35th birthday of the UN Habitat Conference on Human Settlements in Vancouver

Happy Birthday, Habitat!

Today marks Habitat’s 35th birthday. The UN Habitat Conference on Human Settlements took place in Vancouver from May 31- June 11, 1976. This anniversary also just happens to coincide with Vancouver’s 125th birthday in April 2011.

The UN department known as UN Habitat, which is responsible for issues relating to human settlements worldwide, was to some extent founded in Vancouver at this conference and its founding document is known to this day as The Vancouver Declaration. The groundwork for the international discussion about housing and sustainability was done here, yet most Vancouverites don’t know that this foundational event took place in our city. This is unfortunate, since Habitat ’76 was formative for the city, for the UN, for the international community, and for the growing studis of urbanism, sustainable urban development, green architecture and efforts to tackle homelessness and poverty worldwide. It’s also unfortunate since the demolition of the beautiful public buildings in which many of the conference’s events took place were unceremoniously demolished in the late 1970s, despite massive public outcry.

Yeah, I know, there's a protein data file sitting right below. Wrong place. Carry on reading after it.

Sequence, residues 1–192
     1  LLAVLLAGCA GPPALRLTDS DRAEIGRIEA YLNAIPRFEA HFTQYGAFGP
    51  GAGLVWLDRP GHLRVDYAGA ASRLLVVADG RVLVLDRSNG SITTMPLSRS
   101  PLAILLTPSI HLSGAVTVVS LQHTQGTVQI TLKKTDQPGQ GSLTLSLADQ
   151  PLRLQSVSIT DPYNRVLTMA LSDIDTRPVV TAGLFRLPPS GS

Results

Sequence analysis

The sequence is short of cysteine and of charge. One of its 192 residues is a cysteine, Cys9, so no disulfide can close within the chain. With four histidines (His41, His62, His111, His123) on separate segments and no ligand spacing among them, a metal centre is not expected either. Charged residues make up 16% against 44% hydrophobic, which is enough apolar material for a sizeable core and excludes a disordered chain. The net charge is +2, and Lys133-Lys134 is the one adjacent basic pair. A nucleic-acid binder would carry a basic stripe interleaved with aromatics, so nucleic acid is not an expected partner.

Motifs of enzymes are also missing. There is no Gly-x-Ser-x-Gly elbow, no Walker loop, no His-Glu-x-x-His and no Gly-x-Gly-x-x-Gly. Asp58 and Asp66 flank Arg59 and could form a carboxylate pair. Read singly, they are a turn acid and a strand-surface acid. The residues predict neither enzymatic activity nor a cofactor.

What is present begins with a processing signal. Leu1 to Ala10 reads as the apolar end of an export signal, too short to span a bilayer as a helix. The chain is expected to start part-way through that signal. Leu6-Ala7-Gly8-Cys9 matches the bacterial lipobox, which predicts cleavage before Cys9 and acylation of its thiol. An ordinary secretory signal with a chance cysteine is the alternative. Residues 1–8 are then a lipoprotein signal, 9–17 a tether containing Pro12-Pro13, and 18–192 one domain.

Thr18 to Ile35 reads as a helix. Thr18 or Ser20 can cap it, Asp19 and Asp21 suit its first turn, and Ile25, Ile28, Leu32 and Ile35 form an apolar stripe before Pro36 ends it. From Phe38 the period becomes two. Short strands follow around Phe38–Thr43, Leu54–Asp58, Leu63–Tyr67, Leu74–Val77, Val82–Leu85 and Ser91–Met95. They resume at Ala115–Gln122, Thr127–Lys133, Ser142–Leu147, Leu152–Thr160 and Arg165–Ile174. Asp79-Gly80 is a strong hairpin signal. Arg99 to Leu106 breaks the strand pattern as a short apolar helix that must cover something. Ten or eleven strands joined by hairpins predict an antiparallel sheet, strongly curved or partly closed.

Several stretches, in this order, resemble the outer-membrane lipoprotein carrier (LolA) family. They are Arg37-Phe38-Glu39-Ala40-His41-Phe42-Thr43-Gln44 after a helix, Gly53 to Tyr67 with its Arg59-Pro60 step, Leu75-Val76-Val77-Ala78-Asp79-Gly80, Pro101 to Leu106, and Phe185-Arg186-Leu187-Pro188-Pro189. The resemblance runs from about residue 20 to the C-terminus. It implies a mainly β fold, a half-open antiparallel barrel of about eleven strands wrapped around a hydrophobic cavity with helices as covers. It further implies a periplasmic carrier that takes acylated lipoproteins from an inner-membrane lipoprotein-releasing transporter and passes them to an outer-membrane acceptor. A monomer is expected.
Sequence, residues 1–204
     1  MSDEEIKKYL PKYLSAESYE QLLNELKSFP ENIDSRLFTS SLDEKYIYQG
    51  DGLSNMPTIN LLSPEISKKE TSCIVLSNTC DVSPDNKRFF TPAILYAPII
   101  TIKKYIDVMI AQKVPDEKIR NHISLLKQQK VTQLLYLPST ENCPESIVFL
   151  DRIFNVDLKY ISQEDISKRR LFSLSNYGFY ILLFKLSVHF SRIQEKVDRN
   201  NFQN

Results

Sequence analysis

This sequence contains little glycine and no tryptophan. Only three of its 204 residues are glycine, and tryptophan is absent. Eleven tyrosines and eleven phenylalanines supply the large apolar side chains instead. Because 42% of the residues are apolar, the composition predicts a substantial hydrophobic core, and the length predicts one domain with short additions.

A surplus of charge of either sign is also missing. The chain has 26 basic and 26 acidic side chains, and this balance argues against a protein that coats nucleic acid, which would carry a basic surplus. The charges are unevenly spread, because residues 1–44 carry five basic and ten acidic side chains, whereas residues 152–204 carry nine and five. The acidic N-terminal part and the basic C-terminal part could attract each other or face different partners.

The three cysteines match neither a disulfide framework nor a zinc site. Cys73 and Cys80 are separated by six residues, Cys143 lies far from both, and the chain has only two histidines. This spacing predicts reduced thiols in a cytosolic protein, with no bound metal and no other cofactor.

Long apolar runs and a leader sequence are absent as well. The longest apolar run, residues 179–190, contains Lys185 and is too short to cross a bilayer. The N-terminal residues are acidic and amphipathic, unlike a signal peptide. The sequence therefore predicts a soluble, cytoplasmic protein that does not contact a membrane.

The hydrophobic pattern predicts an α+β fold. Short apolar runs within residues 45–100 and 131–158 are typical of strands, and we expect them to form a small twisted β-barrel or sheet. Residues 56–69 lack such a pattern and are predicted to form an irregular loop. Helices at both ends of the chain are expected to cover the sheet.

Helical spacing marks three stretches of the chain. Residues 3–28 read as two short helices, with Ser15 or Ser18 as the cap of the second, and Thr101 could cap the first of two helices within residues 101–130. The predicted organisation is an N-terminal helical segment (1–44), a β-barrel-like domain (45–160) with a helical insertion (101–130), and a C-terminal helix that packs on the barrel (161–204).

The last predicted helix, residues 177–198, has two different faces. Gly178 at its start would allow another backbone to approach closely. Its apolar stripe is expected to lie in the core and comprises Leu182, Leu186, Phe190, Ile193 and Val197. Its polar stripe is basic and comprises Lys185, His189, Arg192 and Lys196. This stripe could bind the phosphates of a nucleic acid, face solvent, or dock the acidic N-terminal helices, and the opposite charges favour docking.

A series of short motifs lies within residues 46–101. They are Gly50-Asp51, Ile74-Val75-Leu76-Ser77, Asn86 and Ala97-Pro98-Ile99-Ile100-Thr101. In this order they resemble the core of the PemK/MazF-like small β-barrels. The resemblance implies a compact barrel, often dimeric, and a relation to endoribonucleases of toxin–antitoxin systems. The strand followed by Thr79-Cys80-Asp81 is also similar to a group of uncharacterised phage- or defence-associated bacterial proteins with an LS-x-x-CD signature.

The videos included here have been kindly uploaded by David Repa and The Hackery. They were transferred from 8mm movies recovered in an estate sale. See the whole playlist. There’s no sound, but they provide some fabulous footage (often a little impressionistic) of the site, the hangars and the general mood of Habitat. Huge thanks again to The Hackery and David for this rare resource.

I am working on a book on Habitat. If you were there or are in possession of stories or materials from Habitat, and are willing to share them, please contact me via the Habitat 76 site here.

These videos document the construction of Vancouver’s Habitat Forum site, part of the 1976 UN Conference on Human Settlements. The beautiful First Nations mural was designed by renowned artist Bill Reid, and the hangar it adorns sat on land now occupied by a chain link fence and sailboat storage at Vancouver’s Jericho Beach, just east of the Sailing Club

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